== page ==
I see this question on the internet all the time.
Can you dehydrate avocado for the trail?
Yes, you can!
Some really high-fat foods rally can’t be dried at home, but I frequently make up guacamole and dehydrate it for the trail. The trick with avocado is that you need to mash it (make guacamole) and add a more-than-usual amount of lime juice, to keep the colour.
When drying, on “fruit” setting if you dehydrator has a temperature dial, spread the avocado as thin as possible onto a tray liner (like you would use for fruit roll-ups)–or, if you don’t have one, you can now buy non-stick tinfoil which works like a dream in a dehydrator.
After about 6 hours, you should be able to peel the avocado off like a fruit roll-up and flip it over, and continue to dry for another 2 hours or so. With any hard-to-dehydrate items like this, I usually then leave it in the dehydrator, turned off, (or on top of a cold stove) overnight to finish drying.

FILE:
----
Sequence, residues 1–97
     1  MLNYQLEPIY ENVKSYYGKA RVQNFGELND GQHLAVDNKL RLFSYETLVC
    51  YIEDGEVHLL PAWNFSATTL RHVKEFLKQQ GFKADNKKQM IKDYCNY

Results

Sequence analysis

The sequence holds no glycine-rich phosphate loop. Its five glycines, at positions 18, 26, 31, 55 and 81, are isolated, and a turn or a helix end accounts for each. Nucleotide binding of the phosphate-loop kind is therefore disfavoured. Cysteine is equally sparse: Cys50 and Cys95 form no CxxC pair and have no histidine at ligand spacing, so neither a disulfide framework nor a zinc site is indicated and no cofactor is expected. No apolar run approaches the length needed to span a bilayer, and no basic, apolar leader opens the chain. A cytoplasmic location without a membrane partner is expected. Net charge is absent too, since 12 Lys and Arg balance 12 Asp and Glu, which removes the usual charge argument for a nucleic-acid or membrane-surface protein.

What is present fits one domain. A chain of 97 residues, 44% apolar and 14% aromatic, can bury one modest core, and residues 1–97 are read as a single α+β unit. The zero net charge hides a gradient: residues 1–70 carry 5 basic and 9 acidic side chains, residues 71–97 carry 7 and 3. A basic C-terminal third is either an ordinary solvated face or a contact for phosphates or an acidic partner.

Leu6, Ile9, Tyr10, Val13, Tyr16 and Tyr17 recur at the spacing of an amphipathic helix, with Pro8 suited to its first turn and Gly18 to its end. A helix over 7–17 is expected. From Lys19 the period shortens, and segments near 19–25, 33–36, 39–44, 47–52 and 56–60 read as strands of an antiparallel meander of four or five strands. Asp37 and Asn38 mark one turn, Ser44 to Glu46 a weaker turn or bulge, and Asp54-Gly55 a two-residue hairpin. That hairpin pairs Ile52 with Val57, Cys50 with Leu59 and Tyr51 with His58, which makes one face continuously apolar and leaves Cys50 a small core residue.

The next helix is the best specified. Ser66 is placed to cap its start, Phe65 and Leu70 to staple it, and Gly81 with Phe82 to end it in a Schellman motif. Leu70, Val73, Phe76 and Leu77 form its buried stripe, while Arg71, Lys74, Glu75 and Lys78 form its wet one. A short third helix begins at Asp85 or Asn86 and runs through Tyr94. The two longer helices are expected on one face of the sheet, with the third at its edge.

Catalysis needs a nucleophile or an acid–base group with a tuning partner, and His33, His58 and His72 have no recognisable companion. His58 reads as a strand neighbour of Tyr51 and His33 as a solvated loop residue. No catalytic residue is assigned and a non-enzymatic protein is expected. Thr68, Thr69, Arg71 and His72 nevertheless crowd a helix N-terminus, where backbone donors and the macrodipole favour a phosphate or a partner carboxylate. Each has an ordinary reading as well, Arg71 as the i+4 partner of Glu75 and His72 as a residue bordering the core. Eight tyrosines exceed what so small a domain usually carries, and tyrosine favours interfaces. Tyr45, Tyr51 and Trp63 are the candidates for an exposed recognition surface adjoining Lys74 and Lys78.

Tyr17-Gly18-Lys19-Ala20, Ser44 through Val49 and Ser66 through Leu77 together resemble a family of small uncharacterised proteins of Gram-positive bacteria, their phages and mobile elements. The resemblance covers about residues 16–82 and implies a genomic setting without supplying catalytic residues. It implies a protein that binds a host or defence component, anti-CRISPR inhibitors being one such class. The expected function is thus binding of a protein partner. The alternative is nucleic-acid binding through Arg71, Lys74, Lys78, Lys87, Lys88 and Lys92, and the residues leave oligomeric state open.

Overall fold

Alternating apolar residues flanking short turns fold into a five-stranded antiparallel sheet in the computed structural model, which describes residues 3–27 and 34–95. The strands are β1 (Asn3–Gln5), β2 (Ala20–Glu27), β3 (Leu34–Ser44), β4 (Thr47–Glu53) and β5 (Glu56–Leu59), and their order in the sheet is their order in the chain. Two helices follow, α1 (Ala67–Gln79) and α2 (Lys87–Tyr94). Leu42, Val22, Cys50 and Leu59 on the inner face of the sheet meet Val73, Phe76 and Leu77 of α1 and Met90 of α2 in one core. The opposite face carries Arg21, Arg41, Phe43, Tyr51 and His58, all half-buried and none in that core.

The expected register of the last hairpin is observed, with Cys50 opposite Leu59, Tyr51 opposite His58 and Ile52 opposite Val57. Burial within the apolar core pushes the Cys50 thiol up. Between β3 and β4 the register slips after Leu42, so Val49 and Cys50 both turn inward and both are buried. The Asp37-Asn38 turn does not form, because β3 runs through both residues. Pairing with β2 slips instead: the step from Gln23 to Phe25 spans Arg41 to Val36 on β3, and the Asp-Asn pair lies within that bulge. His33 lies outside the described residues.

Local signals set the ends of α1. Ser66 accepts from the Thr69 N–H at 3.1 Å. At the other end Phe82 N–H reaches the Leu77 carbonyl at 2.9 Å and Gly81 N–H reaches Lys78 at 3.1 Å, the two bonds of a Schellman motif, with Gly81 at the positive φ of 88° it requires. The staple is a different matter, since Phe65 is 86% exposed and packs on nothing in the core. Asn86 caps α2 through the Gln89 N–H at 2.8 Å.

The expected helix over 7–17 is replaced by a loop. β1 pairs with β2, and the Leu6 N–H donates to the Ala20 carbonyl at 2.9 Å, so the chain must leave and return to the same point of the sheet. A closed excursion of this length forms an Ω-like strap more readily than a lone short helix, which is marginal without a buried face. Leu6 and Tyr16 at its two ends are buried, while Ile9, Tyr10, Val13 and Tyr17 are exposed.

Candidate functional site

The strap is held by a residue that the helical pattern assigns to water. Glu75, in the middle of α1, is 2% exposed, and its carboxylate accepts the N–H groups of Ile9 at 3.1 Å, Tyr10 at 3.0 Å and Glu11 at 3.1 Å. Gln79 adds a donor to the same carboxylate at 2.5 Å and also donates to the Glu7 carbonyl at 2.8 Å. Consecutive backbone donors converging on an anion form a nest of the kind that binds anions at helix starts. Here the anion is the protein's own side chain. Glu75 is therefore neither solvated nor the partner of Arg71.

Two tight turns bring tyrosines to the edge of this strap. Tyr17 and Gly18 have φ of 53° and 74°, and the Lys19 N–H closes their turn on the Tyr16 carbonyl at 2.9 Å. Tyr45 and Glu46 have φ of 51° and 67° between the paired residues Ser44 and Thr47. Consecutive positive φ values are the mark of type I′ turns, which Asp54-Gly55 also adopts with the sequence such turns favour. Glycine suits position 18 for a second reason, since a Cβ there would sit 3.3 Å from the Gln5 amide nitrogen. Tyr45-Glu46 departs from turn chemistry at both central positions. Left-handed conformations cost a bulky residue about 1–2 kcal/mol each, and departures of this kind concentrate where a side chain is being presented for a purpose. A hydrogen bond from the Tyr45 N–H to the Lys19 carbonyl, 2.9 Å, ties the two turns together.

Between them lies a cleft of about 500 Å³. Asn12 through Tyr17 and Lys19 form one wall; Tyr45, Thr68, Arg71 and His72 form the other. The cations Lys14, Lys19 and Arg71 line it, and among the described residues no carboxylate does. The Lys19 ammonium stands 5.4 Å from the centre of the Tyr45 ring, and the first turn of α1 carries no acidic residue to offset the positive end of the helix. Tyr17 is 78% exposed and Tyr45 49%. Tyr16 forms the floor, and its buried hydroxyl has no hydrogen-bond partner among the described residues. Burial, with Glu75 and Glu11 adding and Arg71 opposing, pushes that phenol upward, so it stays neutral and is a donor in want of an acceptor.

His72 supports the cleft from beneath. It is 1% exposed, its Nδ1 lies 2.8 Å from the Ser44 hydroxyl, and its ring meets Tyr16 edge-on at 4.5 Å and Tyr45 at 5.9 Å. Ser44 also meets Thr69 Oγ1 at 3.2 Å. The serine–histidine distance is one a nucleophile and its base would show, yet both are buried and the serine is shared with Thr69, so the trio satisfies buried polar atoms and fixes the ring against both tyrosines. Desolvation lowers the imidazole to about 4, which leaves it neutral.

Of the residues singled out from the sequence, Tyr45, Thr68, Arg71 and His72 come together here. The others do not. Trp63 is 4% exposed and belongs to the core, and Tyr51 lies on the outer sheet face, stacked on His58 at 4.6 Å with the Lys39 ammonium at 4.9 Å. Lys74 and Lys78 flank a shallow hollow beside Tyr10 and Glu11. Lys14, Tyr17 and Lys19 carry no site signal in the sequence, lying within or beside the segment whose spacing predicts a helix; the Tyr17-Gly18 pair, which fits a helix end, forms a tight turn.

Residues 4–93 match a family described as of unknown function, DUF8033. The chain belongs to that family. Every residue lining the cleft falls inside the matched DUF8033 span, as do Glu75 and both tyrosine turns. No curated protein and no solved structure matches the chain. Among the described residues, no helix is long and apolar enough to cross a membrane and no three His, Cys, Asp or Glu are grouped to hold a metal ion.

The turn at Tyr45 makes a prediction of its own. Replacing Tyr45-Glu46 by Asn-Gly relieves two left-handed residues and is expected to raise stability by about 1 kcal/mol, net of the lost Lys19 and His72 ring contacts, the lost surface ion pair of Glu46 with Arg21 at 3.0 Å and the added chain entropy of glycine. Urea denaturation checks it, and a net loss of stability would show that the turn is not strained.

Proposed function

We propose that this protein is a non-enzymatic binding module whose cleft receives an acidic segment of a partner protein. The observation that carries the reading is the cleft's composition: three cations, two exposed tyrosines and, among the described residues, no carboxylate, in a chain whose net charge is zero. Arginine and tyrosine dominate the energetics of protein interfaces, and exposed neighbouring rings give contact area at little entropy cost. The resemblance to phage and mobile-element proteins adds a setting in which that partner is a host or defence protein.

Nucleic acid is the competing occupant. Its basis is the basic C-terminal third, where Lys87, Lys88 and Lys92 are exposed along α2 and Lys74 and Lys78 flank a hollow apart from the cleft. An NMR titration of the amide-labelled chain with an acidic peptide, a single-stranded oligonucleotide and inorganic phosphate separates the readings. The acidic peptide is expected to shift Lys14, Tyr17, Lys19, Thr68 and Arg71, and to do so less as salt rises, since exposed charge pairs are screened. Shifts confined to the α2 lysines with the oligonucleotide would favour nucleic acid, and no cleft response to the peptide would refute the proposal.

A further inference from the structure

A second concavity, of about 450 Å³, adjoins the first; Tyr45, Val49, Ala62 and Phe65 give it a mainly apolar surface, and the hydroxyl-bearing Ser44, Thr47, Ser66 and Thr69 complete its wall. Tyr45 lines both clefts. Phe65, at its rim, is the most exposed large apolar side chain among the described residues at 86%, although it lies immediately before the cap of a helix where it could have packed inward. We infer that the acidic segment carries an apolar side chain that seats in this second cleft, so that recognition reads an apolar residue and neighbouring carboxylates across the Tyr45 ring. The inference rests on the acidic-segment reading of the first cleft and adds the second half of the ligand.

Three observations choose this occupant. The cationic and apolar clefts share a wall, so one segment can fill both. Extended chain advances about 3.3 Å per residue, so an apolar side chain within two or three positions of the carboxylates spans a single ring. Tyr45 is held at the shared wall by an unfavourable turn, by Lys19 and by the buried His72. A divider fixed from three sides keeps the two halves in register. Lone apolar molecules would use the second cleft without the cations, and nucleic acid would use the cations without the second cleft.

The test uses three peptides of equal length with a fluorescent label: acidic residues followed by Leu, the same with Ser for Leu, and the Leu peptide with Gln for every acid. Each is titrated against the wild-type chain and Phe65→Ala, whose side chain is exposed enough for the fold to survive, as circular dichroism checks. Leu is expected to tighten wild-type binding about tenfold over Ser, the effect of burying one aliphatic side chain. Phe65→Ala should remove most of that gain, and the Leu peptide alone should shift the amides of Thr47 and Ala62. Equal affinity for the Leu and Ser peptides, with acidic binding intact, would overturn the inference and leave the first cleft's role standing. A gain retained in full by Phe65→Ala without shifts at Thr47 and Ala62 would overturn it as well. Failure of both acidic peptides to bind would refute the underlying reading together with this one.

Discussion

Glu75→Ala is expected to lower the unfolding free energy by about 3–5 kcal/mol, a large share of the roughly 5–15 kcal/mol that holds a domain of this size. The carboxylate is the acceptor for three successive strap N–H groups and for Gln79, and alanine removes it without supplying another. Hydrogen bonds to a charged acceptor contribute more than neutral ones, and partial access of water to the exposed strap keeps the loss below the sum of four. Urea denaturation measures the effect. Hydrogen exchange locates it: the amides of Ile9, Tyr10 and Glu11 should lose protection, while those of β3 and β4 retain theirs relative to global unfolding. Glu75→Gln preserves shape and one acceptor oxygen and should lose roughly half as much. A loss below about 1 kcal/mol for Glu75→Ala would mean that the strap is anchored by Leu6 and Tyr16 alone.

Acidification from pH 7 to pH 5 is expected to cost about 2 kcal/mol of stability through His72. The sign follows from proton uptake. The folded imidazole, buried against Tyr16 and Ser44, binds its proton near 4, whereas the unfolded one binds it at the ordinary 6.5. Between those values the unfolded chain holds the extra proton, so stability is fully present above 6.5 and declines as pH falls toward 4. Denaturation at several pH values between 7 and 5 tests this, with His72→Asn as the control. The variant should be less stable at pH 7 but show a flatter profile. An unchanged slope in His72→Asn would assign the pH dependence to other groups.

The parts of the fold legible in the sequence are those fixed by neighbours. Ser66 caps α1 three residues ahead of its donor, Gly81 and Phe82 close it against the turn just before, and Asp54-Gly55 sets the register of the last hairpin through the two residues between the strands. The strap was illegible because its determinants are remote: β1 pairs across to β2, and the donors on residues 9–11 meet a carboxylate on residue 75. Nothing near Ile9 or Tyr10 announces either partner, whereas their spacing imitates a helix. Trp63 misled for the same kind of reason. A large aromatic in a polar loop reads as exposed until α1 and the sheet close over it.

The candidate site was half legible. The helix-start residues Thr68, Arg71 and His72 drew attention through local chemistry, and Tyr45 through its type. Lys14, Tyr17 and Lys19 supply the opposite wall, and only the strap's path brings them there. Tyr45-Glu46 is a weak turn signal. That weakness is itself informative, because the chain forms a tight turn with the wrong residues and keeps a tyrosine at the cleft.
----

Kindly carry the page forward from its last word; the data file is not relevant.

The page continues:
When you believe it is good and dry, you can then powder it up in a spice grinder or an old coffee grinder. I use the kind of coffee/spice grinder that has the blade in a cup at the top–one that does not have a chute. It’s easy to wipe out the cup and blade after each item that way.
The guacamole will re-hydrate easily even with a bit of cold water in just a few minutes if you’ve powdered it. Chunky guacamole leather may take a bit longer and be uneven–but still tasty. The guacamole may not look exactly right, but the taste will be bang-on!
This food should be stored in the freezer after dehydrating until your trip. It should be fine up to 2 weeks on the trail in a regular ziplock bag. If you need it to last longer, I recommend vacuum-sealing. I personally don’t yet own a vacuum-sealer. But then again, I live in Canada, not in the tropics, so my food is not being exposed to such an extreme and moist environment, and I’ve never gone on a trip with home-dehydrated food for longer than 2 weeks.
Enjoy your trail guacamole!